DS: Do you see parallels between your researches in Video Semiology and the work of Bruce Nauman, for instance Lip Sync (1969)?[2]

TI: The sync/out of sync is a very important element in video. I once did this performance:[3] I am sitting next to a video of me speaking and at the same time I dub it, so the two voices are superimposed. The live voice and the voice from the tape are mixed together and it becomes difficult to tell which one comes from which source.

DS: There are occurrences of the space in-between, or the interval, in most of your video pieces: the space in-between the self in a way.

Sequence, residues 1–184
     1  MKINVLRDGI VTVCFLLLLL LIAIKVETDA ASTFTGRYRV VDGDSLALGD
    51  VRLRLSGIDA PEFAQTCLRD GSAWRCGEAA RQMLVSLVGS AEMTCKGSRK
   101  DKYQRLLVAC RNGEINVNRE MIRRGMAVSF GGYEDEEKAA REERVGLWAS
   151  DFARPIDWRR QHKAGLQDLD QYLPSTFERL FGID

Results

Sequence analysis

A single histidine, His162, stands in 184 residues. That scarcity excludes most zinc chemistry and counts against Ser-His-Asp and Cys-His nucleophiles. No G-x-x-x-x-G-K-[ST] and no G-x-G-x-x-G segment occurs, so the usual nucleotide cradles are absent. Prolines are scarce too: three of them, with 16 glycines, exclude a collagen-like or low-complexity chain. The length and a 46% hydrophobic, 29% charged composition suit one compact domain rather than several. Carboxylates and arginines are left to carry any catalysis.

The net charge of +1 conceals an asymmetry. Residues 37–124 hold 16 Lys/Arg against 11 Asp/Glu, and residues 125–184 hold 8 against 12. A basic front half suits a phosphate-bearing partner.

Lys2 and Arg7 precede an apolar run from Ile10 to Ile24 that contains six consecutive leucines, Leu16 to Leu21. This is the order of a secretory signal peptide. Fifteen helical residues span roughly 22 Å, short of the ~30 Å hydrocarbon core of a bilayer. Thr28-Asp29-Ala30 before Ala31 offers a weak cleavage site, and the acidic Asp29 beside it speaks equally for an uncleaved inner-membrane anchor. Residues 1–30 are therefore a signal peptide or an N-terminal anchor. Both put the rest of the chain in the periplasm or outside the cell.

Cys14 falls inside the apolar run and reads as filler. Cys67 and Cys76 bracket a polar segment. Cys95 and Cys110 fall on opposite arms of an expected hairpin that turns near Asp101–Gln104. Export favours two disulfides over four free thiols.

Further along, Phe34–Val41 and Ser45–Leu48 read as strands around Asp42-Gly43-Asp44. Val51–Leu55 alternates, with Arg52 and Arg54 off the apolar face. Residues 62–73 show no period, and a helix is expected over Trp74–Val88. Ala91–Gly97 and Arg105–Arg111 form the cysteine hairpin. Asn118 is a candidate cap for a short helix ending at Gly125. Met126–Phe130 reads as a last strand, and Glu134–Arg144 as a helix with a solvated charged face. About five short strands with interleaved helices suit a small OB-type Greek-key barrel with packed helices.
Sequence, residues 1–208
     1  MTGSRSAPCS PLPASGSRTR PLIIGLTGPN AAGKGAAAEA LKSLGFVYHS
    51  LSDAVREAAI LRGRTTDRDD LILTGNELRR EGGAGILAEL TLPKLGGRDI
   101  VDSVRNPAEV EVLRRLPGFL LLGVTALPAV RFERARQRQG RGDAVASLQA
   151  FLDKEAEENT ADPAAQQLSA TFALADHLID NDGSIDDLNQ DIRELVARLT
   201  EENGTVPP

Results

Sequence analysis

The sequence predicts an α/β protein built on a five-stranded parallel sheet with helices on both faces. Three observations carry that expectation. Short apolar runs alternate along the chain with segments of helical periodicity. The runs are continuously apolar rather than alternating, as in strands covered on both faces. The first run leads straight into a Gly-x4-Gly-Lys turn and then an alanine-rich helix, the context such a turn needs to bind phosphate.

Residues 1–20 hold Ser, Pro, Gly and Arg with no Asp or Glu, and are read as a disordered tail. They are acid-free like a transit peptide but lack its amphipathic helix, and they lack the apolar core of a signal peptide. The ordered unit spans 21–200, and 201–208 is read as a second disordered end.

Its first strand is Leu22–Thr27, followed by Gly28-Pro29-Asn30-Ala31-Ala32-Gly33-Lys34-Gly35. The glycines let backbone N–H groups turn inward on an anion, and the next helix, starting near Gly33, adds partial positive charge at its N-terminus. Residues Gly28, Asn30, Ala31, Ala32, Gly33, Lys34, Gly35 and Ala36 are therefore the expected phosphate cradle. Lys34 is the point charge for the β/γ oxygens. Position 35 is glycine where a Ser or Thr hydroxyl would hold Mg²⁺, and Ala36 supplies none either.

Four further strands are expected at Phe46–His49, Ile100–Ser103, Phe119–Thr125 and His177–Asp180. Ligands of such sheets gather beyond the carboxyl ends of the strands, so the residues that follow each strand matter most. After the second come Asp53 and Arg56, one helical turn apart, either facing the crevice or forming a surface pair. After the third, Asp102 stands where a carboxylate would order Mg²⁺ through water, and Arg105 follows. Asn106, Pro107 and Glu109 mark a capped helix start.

TI: This is what I am dealing with in Seeing/Hearing (2001) using Jacques Derrida’s quote: “I hear myself at the same time that I speak.” When you read the sentence you can identify the “I” who speaks with the “I” who hears. But in reality the “I” who speaks and the “I” who hears are split. So when I say: “I hear myself at the same time that I speak to myself at the same time that I hear” there are two “I’s.” So when I hear, “I” is not the same as the one who is heard by “I” when I speak. Although the quote is “at the same time,” it is not exactly at the same time.

 


Image: Still from 24 Frames Per Second (Takahiko Iimura, 1975-78).
Courtesy of the artist and Damien Sanville.


DS: Could you explain what the concept of “MA” is?